- Discursive – How you discuss your work through context, ideas and process.
NO LATE PROJECTS WILL BE ACCEPTED,
if issues arise please make arrangements with the professor prior to the deadline.
Weekly Exercises 20%
Participation / Attendance 20%
Total points 100%
This calendar is subject to change, but offers an outline to the topics we plan to cover over the semester.
Week 1-7 physical computing
1: Basic computer and microcontroller overview, setting up blogs
2: Introduction to electronics for artists
3. What is Interactivity? Digital sensors (onboard and wiring)
4: Analog Sensors (onboard and wiring), Interactivity Continued
5: Exploring Outputs (Lights, Sounds, Motors, etc)
6: Midterm brainstorming, prototyping, breaking down project steps
7: Midterm work
8: Midterm project presentations
Week 8-16 p5.js
12: Animations and Interactivity
13: Final Project brainstorming, project steps, prototyping
14: Final Projects
15: Final Projects
16: Final project presentations
Spring 2022 Syllabi Information
Spring 2022 semester: 1/26/2022 – 5/20/2022
Mid-term Week: 3/12/2022 – 3/18/2022
5/11/2022 (Wednesday) follows Monday schedule
Finals study days/make-up days: 5/12/2022 – 5/13/2022
Finals week: 5/14/2022 – 5/20/2022
No classes: President’s Day 2/21/2022, Spring Break 3/19/2022 – 3/25/2022, classes canceled 2pm-6pm on 4/28/2022 for Honor’s Convocation.
TECHNOLOGY AND REMOTE LEARNING: Taking online and remote classes can be challenging, and Old Westbury has several resources to help students adapt.
Blackboard Orientation: Enter Blackboard itself (click on the Blackboard icon from the Student Portal), click on Student Center in the upper right corner, and find Blackboard Orientation in the 3rdbox down on the left.
MS Teams: For information on using MS Teams, see the link on the Old Westbury Tutoring page here. https://www.oldwestbury.edu/academics/tutor
SUNY Online: You can find additional support at https://online.suny.edu/covid19/students/. Here you will find a Guide to Blackboard, a link to SUNY Online Help, as well as several other resources to help you be successful in a remote class.
CARES Act: Some students may be able to purchase their own laptop with help from the CARES Act. To check eligibility contact firstname.lastname@example.org click here. https://www.oldwestbury.edu/CARES-Act-2020.
If you need technical assistance, please feel free to submit a Service Request to the ITS Service Desk using the form located at: https://oldwestbury.teamdynamix.com/TDClient/1941/Portal/Requests/ServiceDet?ID=43964or send an e-mail to email@example.com if you have any unanswered technical questions.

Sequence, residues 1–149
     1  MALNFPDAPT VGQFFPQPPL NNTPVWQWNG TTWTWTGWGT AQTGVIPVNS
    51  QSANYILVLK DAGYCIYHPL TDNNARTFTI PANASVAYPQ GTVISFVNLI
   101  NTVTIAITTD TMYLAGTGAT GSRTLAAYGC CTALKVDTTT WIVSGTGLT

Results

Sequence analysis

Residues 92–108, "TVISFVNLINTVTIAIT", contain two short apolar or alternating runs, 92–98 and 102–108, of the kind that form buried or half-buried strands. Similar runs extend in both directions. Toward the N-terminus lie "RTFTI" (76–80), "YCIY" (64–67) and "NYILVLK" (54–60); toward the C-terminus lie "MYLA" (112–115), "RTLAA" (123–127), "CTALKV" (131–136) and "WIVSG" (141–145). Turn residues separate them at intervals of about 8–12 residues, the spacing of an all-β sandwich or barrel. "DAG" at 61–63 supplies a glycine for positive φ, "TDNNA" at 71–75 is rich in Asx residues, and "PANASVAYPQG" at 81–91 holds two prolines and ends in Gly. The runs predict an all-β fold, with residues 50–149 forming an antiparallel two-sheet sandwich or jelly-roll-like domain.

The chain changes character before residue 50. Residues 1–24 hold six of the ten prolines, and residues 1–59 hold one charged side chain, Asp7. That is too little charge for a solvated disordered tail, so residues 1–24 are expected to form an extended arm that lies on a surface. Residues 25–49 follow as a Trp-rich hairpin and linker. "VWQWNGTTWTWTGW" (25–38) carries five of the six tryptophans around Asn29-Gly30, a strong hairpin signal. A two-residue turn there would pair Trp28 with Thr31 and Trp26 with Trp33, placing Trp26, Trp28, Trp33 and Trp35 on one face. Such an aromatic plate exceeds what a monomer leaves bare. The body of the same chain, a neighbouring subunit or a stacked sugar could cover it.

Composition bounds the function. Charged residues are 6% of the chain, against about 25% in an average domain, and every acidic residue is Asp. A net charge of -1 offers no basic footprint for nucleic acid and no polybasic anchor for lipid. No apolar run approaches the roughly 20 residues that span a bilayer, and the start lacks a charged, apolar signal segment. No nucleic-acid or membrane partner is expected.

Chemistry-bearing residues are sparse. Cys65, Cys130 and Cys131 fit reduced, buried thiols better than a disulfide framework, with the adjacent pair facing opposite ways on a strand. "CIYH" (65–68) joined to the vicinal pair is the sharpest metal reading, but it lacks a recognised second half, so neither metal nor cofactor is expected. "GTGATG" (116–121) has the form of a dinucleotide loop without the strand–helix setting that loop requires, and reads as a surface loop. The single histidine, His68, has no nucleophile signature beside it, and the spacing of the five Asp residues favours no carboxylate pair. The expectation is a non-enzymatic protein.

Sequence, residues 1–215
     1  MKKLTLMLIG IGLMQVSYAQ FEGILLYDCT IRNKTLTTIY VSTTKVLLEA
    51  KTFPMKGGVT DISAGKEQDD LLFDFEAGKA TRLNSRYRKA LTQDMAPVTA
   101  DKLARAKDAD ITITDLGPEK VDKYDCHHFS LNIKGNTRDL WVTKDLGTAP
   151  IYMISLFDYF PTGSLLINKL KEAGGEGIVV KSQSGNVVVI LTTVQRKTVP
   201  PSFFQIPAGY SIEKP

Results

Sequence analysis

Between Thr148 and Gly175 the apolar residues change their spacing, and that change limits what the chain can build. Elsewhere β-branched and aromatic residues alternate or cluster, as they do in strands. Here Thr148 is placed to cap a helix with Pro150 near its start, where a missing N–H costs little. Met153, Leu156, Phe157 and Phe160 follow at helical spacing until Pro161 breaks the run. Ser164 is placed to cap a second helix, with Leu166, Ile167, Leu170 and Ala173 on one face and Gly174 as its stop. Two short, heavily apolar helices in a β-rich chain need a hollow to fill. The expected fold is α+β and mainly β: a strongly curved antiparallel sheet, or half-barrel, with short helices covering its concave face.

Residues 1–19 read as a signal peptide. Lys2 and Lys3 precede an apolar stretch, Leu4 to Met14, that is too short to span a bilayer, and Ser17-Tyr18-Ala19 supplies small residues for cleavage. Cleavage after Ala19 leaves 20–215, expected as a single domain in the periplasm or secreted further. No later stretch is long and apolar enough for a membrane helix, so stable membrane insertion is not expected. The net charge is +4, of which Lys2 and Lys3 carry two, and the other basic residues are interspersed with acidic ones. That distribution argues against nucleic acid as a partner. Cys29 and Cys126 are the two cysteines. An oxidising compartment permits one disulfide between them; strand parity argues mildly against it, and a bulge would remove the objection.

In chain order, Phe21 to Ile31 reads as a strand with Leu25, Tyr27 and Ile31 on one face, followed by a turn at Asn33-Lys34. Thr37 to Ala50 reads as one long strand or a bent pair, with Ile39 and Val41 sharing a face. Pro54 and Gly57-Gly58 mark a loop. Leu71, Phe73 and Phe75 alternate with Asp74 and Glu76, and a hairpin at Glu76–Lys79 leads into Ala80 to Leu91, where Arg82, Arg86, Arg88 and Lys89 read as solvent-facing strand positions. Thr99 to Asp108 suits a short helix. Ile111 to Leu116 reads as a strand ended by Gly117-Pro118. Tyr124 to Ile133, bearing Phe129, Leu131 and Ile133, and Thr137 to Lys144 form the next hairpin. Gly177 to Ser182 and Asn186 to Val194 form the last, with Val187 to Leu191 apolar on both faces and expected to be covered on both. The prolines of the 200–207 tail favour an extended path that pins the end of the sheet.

ACCOMMODATIONS FOR STUDENTS WITH DISABILITIES:
If you have or suspect you may have a physical, psychological, medical or learning disability that may impact your course work, please contact Stacey DeFelice, Director, The Office of Services for Students with Disabilities (OSSD), NAB, 2065, Phone: 516-628-5666, Fax (516) 876-3005, TTD: (516) 876-3083. E-mail: firstname.lastname@example.org. The office will help you determine if you qualify for accommodations and assist you with the process of accessing them. All support services are free and all contacts with the OSSD are strictly confidential. SUNY/Old Westbury is committed to assuring that all students have equal access to all learning activities and to social activities on campus.
BASIC NEEDS STATEMENT: Any student who faces challenges securing their food or housing and believes this may affect their performance in the course is urged to contact the Dean of Students for support at (516)876-3067or Student Union 303. The college has a food pantry available for the campus community, Panther Pantry Student Union 301B.
COUNSELING and CAREER RESOURCES: As a college student, there may be times when personal stressors interfere with your academic performance or negatively impact your daily life. If you are looking for some guidance regarding career choices or help with personal issues such as family or relationship problems, issues with friends or roommates, depression, anxiety, alcohol and/or other drugs, or if you need some help just figuring out who you are and what you would like to do with you life, or if you or someone you know at this college is experiencing mental health challenges, please contact the Counseling and Psychological Wellness Services at 516-876-3053. We’re located at the Student Union, Lower Level, Suite 100, and are open Monday to Friday, 9am to 5pm. If a crisis situation occurs after hours, contact a Residential Director. The University Police, at 516-876-3333, will also be able to offer assistance. The National Suicide Prevention Lifeline also offers help 24/7, and can be contacted at 1-800-273-8255.